Book review: Dragon fate

There goes my first new read of 2018. It was in the depths of my potential TBR list, and the author himself mentioned it’s on sale on Goodreads group I am in, so I was like, why not give a try.

I am glad I did. This was, at least for me, very fresh and lighthearted take on dragon fantasy. Very enjoyable even without the ever-present threat of mad tyrant on the horizon. I’ll try to keep this spoiler-free as much as I can.

Delno, the main character, is a war veteran aged whole 27 years, who left the army after series of success and having nowhere to grow in ranks, though he later admits he just did not like leading people to their deaths. He’s in his hometown, having no clue what to do with his life. He has some skills, which include carving small sculptures and his ‘superpower’ to find lost things (treasure, if you want).

Then, dragon in psychical pain from the death of her rider and in physical pain from her last batch of eggs being stuck on the way out, is discovered because of Delno’s talent to find things. She asks him to help her with the birth and in this strange way, Delno’s life turns around as the hatchling binds to him even before actually hatching.

In her final days, the hatchling’s mother gives him some instruction, but from there on, Delno is alone on taking care of the dragon. Eventually, when the dragon grows enough, they leave his hometown, hoping to find someone to give him real training, but Delno does not go far as another rider, originally intent on finding someone else, offers to train Delno.

Luckily, they are found by two other riders sent to retrieve to help a trouble happening in the original place Delno was heading for. It’s only now, more than half-way though the book, that a threat starts looming on the horizon, and the riders are forced to come up with some kind of plan for how to face it.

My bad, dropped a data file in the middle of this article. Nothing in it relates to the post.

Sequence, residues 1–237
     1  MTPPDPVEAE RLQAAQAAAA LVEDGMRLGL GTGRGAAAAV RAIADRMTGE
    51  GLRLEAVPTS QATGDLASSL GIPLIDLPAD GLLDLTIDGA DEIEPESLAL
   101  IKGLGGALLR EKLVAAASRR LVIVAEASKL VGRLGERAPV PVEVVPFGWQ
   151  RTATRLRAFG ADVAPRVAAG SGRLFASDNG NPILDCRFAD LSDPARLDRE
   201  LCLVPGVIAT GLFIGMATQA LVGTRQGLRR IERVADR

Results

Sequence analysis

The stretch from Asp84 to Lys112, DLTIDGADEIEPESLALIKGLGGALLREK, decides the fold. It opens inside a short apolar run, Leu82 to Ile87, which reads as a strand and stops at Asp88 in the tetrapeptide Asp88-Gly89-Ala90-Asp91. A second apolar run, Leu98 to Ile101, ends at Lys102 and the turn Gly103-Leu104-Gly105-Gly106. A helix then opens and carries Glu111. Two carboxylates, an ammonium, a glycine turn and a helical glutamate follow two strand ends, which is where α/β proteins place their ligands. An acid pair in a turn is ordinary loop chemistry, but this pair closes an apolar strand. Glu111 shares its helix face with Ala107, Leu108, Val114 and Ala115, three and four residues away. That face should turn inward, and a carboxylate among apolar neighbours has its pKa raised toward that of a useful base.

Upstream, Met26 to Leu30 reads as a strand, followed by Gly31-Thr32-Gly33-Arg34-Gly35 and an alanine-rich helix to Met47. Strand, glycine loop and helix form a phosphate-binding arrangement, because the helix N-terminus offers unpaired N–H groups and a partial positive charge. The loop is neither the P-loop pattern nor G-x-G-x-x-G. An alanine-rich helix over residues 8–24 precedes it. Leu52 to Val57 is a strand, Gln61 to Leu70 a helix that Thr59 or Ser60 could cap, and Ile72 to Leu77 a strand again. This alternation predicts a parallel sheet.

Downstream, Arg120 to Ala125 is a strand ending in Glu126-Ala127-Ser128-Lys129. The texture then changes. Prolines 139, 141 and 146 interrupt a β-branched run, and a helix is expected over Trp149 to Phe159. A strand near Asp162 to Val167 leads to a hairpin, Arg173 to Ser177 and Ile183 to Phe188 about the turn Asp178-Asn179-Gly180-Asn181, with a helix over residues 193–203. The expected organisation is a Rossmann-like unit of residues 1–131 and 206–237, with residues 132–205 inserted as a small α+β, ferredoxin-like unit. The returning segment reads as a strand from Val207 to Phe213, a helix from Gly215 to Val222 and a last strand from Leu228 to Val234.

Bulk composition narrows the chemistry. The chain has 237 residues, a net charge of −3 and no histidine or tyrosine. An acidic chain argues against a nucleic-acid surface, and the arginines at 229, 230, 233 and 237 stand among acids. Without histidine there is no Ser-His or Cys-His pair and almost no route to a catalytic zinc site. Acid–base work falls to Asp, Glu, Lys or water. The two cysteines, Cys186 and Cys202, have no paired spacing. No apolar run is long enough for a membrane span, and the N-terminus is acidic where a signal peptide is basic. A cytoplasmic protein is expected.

Eventually, Delno uses his special skill to find the lost rider, which happens to be son of the man who trained him, who ran away from training by one of those who arrived to retrieve them, for reasons that the rider, at first, seems to be just a generic asshole who thinks too much about himself just because he’s a rider.

After some trouble where it comes to brawl between Simcha, the abusive rider, and Delno, Simcha is sent away while the four think about what to do with the trouble that eventually turn out to be a greater conspiracy leading to quite action-packed finale (not giving spoilers). Which, as it tends to be, leads to some revelations about the background of many characters.


  • Read date: 13.1.-17.1.2017
  • Goodreads/Amazon rating: 3,8 / 4,2
  • My rating: 90%
  • Length: ~400 pages (Kindle)

As I mentioned at the beginning, it’s pleasantly lighthearted series with some casual jokes that felt natural while also dealing with different approaches to power in different lands (lack of noble birthright is what kept Delno from being promoted in the army when he was in his hometown).

One last note: Delno’s dragon, Geneva, constantly reminded me of the town in Switzerland, even though I don’t know if it’s spelt that exact way.

 

One thought on “Book review: Dragon fate

  1. Pingback: Book review: Dragon blade | Tomas's blog and web

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